The Long-Term-Care Insurance Dilemma
Premiums keep rising, but you may need a policy more than ever.
One of the most effective ways to protect your retirement savings from the high price of assisted living, in-home care or a stay in a nursing home is a long-term-care insurance policy. But recent premium hikes have many baby boomers worried that coverage is no longer affordable.
The median cost of one year in a private room in a nursing home was $97,500 in 2017, according to Genworth's Cost of Care Study. A year of assisted living was $45,000, and 44 hours per week of home care–which most people prefer–came to $49,000. Care costs have been going up by 3% to 4% per year over the past five years.
Those rising costs have put pressure on long-term-care insurers. Rates have spiked by at least 50% for most policies purchased between the mid 1970s and 2005, with some price hikes topping 100%. Almost every long-term-care insurer has raised rates at least once, and more rate increases are on the horizon, depending on the insurer and the state.
Policies with lifetime benefits and 5% inflation protection have been hit the hardest. For example, Mike Ashley of Prairie Village, Kan., purchased a Genworth policy 19 years ago, when he was 52 years old. He paid $879 per year for a policy with a $70 daily benefit, 5% inflation protection and lifetime benefits. After two rounds of rate increases, his premiums had climbed to $1,547 per year.
Insurers admit they made major mistakes when pricing these policies. They expected more people to drop coverage, overestimated the interest rates they'd earn on their investments, and underestimated the size and length of claims.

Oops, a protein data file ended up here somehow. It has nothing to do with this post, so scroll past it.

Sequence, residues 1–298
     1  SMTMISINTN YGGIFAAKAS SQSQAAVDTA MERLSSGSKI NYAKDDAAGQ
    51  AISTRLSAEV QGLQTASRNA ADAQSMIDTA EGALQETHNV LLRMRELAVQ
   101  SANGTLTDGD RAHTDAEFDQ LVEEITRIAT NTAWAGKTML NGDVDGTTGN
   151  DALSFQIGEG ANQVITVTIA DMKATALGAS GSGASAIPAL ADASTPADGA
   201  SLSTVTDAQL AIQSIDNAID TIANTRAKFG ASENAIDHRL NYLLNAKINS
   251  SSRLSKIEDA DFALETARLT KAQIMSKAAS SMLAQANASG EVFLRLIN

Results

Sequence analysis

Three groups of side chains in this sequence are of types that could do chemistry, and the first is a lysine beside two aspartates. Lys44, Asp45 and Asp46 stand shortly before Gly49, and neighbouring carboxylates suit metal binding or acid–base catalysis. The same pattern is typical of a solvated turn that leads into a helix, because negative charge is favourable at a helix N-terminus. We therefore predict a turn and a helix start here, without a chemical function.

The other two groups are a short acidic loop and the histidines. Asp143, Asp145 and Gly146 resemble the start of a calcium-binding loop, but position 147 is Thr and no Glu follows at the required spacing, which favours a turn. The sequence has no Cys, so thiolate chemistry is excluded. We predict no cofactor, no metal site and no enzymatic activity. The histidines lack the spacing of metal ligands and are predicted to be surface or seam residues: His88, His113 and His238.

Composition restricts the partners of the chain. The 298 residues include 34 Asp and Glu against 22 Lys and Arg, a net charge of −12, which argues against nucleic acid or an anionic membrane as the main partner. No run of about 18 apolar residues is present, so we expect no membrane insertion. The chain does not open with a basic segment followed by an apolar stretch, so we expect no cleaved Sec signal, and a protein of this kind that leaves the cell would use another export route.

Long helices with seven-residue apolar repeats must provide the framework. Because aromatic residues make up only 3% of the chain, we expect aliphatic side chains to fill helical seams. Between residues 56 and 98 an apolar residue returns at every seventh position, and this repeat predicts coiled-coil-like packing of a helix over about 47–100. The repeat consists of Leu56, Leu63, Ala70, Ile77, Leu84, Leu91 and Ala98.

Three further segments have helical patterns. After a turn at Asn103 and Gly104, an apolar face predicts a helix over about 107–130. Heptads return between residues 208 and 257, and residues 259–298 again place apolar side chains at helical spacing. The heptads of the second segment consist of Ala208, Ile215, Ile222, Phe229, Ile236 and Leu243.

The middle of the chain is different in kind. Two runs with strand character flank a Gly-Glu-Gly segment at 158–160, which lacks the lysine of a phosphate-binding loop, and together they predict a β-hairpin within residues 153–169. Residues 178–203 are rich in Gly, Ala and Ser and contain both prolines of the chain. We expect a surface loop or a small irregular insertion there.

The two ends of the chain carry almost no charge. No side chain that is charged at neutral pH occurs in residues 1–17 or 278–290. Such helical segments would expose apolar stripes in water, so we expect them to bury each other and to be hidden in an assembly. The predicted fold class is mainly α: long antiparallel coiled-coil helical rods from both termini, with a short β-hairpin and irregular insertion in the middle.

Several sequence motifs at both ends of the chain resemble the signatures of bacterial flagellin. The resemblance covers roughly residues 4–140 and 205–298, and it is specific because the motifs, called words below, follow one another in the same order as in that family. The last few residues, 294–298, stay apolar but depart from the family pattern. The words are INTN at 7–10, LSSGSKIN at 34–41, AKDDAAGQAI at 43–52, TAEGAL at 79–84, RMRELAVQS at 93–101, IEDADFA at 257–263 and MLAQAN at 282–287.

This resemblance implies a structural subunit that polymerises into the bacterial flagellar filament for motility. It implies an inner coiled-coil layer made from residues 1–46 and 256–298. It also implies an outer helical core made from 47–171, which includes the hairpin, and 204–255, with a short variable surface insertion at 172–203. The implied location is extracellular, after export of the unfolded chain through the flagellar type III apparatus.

What to do. Fortunately, there are ways to make long-term-care insurance more affordable.
Don't drop your policy if you're faced with an increase; new coverage will cost a lot more. Although Ashley's annual premiums increased by more than 75%, he's 19 years older and his daily benefit has grown by 5% a year. A new policy for a 71-year-old with similar features and coverage would cost at least $9,000 a year. If you can't afford the higher premiums, your insurer will generally give you several options. For example, you may be able to minimize the rate increase if you cut future inflation protection from 5% to 2.5% or 3%, says Claude Thau, an insurance consultant in Overland Park, Kan.
If you haven't bought a policy yet, you can still find coverage that protects a big portion of your retirement savings while keeping the premiums affordable. One option is to figure out how much long-term care your retirement savings and income will cover and use insurance to fill the gap.
You can trim the premiums not only by buying a policy with less inflation protection but also by selecting a shorter benefit period. For example, Ashley cut his premiums to $1,384 by reducing his lifetime benefit period to a six-year period. A 55-year-old couple could pay less than $3,500 per year (combined) to buy a new pair of policies that provide each spouse with a $150 daily benefit, 3% inflation protection and a three-year benefit period (couples buying together get a significant discount).
Insurers have learned from their pricing mistakes and shouldn't have to increase premiums on new policies as much in the future. Still, you should factor in potential increases when calculating how much insurance you can afford. John Ryan, of Ryan Insurance Strategy Consultants in Greenwood Village, Colo., recommends planning for a 20% increase every 10 years.